My last order from RST was a mixed case, had them include some paper case shells. Most of the time when someone writes or talks about a classic scent associated with hunting or shooting it's Hoppes #9. But for me nothing is as evocative of the past days of hunting as the scent of paper shells.
Other scents that come to mind are Barbour jackets, puppy breath, moss, and woodsmoke & Bourbon. Fishing scents would include 2 cycle exhaust and the mosquito dope we used back before deet. [can't remember the name of it]
Anyone care to add to the list?
The aroma of paper shells fired with a charge of IMR 7625 is tough to beat. Also partial to inhaling deeply with my nose buried in the feathers of a freshly killed quail. The addictive aroma of a cypress swamp in evening. The scent of an old cricket cage, and outboard motor oil mixed with the water in the bottom of a wood boat. The acrid air over bluegill bream beds on a still morning in May.
Aside from hunting and fishing.......... newly bottom plowed soil, and a freshly dug peanut field. Honeysuckle blooming alongside a dirt road near a blackberry patch. A field of coastal bermuda hay, freshly mowed, as a 12 year old boy runs barefoot through it catching grasshoppers for fishbait.
Gotta quit. Too real.
Nice posts! As a child, family camping was one of the activities I really looked forward to. Our Shasta camper and the heavy tent we used before that had their own distinctive smells. It is great that RST loads paper shells for those of us that enjoy that sort of thing. Too bad they cannot provide the short 10s in paper. It also offers an alternative to shooting collectible ammunition
You guys have really brought out some olfactory memories, which I've always heard are the most vivid. Let me add to yours with the mention of cape jasmine vine blooming in the turkey woods, that odd sweet smell of the woods in false spring, the scent of a cedar turkey box call just unwrapped from its long stay over winter in a plastic bag, a yearling largemouth bass in your hand just caught from a farm pond in February, "Deep Woods Off" sprayed on in dark turkey woods. Can ya'll detect a slight affinity for Spring here?
And Beagle, the insect repellent you refer to was "6-12". I remember it well:http://www.collectorsweekly.com/stories/14485-6-12-insect-repellent
Out west, our quail country smells are dominated by sage and juniper. Those smells are particularly strong in the late fall when the sun is heating the damp fauna and steam is rising from the fields.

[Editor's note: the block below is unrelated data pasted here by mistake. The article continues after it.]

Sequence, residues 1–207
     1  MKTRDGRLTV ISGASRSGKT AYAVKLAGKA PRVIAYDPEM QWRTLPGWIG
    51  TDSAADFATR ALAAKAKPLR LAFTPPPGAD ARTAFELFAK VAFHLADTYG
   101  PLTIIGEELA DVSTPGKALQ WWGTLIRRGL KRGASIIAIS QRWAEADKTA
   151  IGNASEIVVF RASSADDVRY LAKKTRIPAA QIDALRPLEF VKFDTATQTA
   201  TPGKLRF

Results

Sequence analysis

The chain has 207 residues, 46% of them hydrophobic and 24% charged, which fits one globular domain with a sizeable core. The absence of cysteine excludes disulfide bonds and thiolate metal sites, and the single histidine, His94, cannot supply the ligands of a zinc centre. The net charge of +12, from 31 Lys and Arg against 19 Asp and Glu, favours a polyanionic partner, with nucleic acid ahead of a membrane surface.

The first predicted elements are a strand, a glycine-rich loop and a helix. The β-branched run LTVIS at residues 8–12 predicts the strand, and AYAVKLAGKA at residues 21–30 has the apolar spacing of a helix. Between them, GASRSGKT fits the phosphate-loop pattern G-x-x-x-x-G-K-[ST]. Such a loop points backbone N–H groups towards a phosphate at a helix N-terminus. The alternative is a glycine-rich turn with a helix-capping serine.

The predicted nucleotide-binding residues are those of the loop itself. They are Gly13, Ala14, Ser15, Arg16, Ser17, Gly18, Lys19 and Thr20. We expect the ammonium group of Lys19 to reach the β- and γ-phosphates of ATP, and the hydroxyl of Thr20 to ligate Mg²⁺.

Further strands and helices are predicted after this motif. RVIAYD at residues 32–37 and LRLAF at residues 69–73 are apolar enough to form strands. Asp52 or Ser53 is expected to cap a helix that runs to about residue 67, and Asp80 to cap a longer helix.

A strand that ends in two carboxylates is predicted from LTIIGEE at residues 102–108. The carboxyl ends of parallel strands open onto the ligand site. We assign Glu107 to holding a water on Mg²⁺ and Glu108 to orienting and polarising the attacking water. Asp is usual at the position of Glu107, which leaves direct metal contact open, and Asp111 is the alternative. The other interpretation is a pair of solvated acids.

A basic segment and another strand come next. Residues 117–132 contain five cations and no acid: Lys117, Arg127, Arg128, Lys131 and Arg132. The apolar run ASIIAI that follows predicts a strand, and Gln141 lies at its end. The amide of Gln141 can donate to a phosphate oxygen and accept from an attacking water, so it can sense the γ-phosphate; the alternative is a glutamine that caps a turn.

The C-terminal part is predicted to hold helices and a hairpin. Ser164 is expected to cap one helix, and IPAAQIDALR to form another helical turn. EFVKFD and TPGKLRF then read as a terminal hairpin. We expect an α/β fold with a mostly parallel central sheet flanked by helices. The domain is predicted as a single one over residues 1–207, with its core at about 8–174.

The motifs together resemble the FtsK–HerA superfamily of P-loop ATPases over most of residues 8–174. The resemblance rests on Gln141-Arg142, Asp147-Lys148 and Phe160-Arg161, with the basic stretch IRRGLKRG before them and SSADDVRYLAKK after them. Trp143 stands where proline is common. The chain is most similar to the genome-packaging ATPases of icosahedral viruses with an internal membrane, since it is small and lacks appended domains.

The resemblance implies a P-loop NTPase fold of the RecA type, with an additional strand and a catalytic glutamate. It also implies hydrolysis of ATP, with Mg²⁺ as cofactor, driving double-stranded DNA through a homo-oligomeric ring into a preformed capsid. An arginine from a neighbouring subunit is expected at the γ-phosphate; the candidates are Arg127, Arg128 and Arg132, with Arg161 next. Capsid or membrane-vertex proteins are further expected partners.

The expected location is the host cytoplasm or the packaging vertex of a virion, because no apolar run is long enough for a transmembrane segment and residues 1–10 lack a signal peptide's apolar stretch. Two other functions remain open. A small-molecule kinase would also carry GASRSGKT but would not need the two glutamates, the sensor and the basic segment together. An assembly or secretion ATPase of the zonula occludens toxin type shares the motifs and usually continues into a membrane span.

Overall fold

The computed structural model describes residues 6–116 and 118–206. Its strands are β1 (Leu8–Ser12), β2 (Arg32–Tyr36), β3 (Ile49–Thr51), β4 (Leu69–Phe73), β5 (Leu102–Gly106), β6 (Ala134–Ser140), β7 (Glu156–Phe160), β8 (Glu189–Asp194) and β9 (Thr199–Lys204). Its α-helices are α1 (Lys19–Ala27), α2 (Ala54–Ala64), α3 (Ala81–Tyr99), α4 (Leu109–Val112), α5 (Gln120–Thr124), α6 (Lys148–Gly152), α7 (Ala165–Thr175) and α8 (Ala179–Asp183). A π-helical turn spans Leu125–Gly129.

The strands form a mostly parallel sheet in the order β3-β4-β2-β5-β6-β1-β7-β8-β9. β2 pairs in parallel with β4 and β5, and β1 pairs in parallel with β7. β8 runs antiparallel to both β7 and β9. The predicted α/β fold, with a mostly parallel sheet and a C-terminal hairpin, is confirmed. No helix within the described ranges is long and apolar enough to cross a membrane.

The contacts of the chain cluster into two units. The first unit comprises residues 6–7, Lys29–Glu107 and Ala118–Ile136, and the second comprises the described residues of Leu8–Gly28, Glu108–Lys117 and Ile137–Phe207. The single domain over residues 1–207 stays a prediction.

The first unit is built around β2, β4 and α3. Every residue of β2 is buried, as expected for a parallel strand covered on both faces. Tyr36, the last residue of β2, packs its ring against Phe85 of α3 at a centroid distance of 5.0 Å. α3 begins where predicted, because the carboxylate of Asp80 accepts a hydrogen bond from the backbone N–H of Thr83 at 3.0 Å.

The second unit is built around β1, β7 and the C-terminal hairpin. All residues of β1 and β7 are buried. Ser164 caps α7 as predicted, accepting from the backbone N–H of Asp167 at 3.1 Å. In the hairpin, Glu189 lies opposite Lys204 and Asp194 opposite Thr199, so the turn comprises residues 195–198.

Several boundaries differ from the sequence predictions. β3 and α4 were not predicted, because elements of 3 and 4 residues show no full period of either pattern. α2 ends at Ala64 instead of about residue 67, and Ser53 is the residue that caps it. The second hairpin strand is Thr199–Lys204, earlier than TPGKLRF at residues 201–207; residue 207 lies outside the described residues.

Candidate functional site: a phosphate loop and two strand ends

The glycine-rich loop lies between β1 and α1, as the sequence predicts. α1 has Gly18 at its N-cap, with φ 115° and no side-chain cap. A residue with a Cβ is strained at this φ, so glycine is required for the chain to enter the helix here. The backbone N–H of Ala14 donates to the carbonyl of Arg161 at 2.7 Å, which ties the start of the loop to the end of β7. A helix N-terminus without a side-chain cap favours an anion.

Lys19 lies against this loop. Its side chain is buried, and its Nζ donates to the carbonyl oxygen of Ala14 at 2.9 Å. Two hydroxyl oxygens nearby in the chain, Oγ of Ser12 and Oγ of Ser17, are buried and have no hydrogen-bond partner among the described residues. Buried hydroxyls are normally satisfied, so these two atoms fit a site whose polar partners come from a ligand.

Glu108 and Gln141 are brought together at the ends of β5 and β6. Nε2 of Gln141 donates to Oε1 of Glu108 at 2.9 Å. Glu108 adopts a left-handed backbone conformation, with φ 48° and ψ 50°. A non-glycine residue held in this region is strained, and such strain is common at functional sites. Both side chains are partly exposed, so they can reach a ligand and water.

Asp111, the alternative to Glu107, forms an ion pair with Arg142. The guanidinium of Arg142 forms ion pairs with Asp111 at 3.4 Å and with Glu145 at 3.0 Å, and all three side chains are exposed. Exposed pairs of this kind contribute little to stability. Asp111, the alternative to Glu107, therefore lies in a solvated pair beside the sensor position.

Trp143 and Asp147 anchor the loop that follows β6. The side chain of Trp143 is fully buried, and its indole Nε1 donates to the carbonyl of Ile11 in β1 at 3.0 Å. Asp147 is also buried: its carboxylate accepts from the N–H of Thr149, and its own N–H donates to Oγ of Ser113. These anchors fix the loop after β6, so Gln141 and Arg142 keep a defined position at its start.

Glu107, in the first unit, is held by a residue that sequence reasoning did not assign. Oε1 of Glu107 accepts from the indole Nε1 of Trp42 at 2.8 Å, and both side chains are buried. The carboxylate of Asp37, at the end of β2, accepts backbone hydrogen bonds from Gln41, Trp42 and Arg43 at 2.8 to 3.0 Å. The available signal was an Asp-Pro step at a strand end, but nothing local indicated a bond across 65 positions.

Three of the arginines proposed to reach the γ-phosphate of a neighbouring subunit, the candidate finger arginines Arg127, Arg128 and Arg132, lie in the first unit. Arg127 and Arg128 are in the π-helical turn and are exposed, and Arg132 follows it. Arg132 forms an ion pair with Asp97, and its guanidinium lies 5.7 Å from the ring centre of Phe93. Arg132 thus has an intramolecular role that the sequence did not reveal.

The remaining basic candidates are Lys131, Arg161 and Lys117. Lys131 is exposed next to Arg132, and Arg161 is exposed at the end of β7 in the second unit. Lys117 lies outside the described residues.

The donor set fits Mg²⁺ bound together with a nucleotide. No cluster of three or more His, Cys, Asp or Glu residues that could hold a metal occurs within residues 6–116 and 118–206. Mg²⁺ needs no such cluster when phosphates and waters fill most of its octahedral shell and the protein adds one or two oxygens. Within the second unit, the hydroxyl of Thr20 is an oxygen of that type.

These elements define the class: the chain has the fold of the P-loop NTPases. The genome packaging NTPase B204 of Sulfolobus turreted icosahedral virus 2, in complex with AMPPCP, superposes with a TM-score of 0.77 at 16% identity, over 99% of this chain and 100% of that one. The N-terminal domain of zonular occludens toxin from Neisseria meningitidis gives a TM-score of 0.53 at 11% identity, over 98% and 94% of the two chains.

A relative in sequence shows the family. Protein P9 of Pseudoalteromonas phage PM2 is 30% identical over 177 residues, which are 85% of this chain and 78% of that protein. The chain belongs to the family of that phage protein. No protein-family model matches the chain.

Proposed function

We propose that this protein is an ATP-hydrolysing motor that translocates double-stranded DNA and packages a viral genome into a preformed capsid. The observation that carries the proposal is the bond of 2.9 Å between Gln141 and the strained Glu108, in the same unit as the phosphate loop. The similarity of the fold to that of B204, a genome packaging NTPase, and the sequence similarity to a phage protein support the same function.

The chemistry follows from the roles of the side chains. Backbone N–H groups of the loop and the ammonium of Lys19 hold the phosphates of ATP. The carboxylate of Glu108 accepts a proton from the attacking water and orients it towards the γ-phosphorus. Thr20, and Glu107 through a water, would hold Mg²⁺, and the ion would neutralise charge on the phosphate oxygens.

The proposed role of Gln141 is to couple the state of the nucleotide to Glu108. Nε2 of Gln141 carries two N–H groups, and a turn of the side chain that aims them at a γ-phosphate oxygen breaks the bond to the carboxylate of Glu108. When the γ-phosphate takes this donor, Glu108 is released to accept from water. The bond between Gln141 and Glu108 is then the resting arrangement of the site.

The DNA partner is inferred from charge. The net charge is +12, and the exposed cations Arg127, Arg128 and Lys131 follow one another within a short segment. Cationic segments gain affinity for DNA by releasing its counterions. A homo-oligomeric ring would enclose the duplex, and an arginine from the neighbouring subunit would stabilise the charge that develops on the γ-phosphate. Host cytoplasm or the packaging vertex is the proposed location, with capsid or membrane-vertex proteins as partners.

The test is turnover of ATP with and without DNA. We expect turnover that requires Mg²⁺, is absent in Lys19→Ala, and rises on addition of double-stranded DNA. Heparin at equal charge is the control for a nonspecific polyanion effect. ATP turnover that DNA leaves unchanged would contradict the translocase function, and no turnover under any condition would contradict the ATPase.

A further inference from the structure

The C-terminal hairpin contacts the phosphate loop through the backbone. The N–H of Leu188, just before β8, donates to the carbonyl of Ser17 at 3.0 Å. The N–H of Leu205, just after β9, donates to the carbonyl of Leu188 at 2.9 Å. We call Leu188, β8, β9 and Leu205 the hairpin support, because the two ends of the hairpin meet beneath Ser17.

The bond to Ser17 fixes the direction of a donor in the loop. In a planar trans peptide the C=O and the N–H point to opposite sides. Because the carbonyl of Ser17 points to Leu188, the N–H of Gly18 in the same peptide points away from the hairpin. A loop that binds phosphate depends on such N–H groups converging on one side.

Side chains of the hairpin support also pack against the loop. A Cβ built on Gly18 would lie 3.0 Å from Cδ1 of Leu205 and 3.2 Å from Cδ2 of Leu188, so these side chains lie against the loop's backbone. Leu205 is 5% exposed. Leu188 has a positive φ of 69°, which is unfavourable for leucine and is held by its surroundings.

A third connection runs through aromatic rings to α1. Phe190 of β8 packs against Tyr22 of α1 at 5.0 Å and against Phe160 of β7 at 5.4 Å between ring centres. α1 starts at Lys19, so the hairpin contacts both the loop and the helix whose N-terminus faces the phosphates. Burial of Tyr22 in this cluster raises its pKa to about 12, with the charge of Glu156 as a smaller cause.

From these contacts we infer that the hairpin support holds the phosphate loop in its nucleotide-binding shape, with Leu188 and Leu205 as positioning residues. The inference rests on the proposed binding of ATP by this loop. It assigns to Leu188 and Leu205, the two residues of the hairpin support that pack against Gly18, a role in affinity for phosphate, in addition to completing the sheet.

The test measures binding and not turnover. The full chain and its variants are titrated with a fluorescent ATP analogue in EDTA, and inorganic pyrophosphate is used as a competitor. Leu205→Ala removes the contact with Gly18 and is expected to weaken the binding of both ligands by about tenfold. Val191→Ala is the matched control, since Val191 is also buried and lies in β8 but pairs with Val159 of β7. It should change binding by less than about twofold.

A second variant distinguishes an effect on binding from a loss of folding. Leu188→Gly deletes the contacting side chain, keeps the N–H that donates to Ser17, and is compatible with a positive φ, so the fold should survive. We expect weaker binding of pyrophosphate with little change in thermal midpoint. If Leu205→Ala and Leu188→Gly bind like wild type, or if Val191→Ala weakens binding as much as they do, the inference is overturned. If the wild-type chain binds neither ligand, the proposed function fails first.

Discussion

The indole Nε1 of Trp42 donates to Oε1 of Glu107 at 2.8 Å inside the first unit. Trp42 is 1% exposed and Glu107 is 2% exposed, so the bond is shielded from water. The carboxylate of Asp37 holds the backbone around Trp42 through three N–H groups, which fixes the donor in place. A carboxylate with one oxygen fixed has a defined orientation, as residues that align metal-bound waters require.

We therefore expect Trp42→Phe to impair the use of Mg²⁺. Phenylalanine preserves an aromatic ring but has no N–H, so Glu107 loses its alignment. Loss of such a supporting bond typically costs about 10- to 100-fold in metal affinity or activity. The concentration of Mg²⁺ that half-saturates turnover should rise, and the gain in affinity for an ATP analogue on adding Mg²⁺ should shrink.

Was that bug dope called '6-12', maybe?
I remember my father and Grandpa using that trout fishing when I was a child, 50+ years ago. Very oily and a distinctive odor.
Didn't mean to hijack, but that brought back a lot of very old, very fond memories...
The smell of the first chinook that comes down from Canada and old man winter is starting to release his death grip on these plains.
That stuff was a very effective paint remover, too, as one particular '61 Chevy could testify.
The 6-12 came in a really thick bottle and smelled of citronella.Nasty stuff, but every tackle box had one and when it spilled on the rubber lures a whole new aroma resulted. For a good smell alternative, how about the smell from a ruffed grouse crop when you open it to see what they are feeding on? Doesn't really work but I do it anyway just to smell the contents. They eat over 300 plant species. No wonder they're so tasty.
Thanks to all of you who remembered 6-12 was the name of the old time mosquito repellant. I had asked some of my friends, but they all had the same medical condition I have, CRS. [ Can't Remember Shit]
The reason I had to start a subscription to the DGJ was a line in a a review back when it first came out describing the smell of a just fired paper shell. I was really hoping I found something I was looking for, and it's the only one that continues from those days.
Ah yes the smell of red dot and waxed paper ala federal and one time winchester super target shells. There really is nothing like it to bring back memories of friends and places that are fading into the mists of time.
I use to open up the crop of freshly killed birds,quail and boy that was a great odor! But when you gut them they smell terrible! Bobby
My Shorthairs after running through the Sage Brush all day.......wonderful. A wet, exhausted dog in a warm vehicle. Neither of the above to be confused with the odor of a freshly skunked dog or after rolling on a long dead critter. Yet, even that evokes memories that improve over time.
my rst paper shells smell like Minnesota mud. last time I used them (hopefully for life) was in a large tag alder swamp coated with a good bit of snow and freezing temps the night before. it was overwhelmingly the highest concentration of timber doodles in my life. as the morning moved on I of course had more and more snow to fall on me,and I was also sweating heavily.